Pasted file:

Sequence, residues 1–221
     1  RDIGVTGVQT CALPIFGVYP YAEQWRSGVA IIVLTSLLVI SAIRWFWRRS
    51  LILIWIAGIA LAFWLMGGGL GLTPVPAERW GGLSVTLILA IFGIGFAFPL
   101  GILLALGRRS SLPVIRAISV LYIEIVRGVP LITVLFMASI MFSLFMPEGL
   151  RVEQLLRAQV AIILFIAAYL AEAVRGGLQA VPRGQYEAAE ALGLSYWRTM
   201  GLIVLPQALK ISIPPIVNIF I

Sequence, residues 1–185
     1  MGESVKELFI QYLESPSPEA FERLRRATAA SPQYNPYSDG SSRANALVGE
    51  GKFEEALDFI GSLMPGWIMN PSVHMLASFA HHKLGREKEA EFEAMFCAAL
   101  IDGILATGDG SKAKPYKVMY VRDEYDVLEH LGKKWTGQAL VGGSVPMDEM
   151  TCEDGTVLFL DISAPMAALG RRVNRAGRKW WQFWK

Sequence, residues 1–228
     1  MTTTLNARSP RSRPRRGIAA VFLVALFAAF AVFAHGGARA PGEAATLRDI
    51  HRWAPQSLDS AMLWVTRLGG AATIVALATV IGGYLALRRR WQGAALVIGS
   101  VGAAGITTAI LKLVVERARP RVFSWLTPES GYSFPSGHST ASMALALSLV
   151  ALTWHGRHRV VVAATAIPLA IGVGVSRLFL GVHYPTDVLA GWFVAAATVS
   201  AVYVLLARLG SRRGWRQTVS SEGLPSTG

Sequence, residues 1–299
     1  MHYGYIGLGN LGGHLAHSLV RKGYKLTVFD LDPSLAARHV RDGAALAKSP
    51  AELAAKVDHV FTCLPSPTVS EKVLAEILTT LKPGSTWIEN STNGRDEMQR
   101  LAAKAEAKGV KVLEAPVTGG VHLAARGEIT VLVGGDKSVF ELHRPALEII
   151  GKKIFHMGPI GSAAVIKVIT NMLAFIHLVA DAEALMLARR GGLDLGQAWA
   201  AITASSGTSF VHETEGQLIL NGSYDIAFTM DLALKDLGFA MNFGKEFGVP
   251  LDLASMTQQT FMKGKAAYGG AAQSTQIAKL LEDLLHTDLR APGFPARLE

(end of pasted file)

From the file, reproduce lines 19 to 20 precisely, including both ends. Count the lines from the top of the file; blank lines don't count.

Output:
     1  MHYGYIGLGN LGGHLAHSLV RKGYKLTVFD LDPSLAARHV RDGAALAKSP
    51  AELAAKVDHV FTCLPSPTVS EKVLAEILTT LKPGSTWIEN STNGRDEMQR